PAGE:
My beloved little labor of love, this analytics blog, is 5 years old today. Five!


I am so proud of having reached this incredible milestone, because when I started I was not sure I would make it to the first anniversary.

Let me tell you how utterly improbable it seemed.

My first blog post, on May 15th, 2006, was titled Traditional Web Analytics is Dead (let me emphasize the first word, traditional). Per my plan, I wrote two posts a week. At that time I had done just two public speaking engagements, and the love of my life had been to one of them, and she knew what I did and my body of work.

At the end of the first month, having read every one of my 8 blog posts (reason #2691 I love her so much!), she turned to me and said:

"You should slow down your posting schedule, you've already written almost everything you know."

And let me tell you she was not that far away from the truth! I did worry about that as I went into the second month.

But my persistence in learning new things every day by being an active practitioner never went way. My quest to share *everything* I know with you stayed, and here we are. . . it has already been five years!

The secret to the blog's longevity is simple: your engagement with it. . .

general stats occams razor

In five years I have written a total of 433,273 words in 245 blog posts, and, this is simply awe-inspiring, those posts have received 9,706 comments with a total of 884,699 words! (Around 10% of those words in comments are my replies to you.)

Together we've written 1.3 million words in 5 years! One point three million!!

Isn't that amazing?

From day one my plan was to make analytics accessible, practical, non-IT centric, and real. I wanted to relate to you, your problems and provide solutions and frameworks you could actually use. No theory, just the unvarnished useful truth. My hope was that would encourage conversation (and yes Loyalty and Recency!) and that Occam's Razor would not be like every other blog – a broadcast.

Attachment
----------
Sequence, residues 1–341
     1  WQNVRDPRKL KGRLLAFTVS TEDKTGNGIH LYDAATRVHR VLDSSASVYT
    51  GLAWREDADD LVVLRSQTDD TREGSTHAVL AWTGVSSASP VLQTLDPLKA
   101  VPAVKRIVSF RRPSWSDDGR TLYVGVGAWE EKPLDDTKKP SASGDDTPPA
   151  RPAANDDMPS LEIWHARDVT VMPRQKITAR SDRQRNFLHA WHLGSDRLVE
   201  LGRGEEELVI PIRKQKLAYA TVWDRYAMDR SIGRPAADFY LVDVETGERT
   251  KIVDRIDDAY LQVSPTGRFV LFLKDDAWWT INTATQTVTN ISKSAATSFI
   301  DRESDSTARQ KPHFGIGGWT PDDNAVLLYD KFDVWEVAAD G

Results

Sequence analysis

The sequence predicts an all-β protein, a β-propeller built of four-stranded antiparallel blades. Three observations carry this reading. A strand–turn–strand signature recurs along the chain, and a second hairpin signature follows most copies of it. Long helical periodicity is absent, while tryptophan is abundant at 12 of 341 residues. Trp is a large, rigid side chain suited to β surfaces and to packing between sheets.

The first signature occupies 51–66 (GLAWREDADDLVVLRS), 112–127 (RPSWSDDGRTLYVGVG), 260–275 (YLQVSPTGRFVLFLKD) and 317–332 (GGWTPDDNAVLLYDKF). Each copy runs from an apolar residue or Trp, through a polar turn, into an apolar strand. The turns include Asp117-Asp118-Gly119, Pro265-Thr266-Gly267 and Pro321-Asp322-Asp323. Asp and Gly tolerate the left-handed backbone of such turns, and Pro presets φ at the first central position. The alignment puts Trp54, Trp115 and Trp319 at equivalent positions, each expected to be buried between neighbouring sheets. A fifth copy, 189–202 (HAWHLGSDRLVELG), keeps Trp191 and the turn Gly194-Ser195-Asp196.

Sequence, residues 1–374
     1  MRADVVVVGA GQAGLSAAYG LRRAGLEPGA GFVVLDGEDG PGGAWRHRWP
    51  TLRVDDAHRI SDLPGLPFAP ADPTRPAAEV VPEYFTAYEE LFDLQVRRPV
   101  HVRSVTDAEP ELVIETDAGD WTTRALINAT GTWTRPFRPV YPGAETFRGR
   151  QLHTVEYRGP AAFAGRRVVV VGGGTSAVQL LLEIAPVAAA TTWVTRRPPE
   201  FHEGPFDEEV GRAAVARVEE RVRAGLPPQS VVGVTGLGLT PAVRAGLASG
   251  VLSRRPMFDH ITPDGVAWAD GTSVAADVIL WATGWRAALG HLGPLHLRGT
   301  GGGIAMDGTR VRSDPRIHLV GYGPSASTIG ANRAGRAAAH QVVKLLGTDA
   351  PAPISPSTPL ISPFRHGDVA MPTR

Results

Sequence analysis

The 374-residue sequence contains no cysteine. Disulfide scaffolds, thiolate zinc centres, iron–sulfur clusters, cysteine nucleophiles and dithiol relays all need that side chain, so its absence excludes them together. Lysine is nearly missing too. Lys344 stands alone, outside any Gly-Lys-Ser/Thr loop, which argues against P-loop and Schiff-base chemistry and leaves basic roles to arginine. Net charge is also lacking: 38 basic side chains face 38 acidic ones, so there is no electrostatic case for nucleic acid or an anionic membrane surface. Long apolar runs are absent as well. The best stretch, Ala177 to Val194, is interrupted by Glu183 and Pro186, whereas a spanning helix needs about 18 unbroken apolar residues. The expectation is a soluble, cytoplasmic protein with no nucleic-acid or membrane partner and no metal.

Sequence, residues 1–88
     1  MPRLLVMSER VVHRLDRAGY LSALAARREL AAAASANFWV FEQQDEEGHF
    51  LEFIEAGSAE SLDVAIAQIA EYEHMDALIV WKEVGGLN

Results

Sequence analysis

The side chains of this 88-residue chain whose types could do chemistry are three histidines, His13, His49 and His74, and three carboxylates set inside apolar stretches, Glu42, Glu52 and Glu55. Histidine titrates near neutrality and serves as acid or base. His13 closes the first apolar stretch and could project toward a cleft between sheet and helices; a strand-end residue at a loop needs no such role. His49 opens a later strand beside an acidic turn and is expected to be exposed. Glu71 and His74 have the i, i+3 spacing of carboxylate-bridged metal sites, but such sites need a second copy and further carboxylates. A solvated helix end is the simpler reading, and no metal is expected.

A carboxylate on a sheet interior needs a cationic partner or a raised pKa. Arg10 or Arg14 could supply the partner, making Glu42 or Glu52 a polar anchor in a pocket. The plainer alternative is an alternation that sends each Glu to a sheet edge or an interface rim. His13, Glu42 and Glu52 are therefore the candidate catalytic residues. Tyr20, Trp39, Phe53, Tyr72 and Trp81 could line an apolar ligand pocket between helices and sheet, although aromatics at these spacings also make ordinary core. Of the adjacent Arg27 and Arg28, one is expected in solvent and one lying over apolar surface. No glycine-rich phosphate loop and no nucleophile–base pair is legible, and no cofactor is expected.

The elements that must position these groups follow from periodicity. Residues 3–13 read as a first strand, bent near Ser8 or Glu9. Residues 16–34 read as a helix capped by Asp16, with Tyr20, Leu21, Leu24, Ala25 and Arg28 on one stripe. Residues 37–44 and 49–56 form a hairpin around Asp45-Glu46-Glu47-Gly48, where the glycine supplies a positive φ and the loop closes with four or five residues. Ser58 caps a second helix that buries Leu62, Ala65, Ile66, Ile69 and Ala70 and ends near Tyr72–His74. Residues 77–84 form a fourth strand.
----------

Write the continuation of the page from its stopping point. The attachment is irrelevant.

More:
Yet I had never ever imagined that you would write 2x the amount I would! Never in a million years. Every post I have written has been a ton of work; I cannot tell you how powerful your engagement is in terms of motivating me. Thank you.

Other numbers have been equally impressive (to me). Here's a simple graph of the number of visits to the blog and the number of posts I've written, by month. . .


occams razor visits posts metrics

Clearly the less I write the more popular the blog becomes! :)

Over time my posts have become longer (and l o n g e r!), more strategic and expanded to cover a lot more ground than "web analytics." It has been fun.

Those of you familiar with my Blog Metrics post will know that in addition to Conversation Rate (first set of numbers above), I place tremendous importance on Loyal Audience Growth (the number of RSS Subscribers). Here's five years worth of Subscriber count data. . .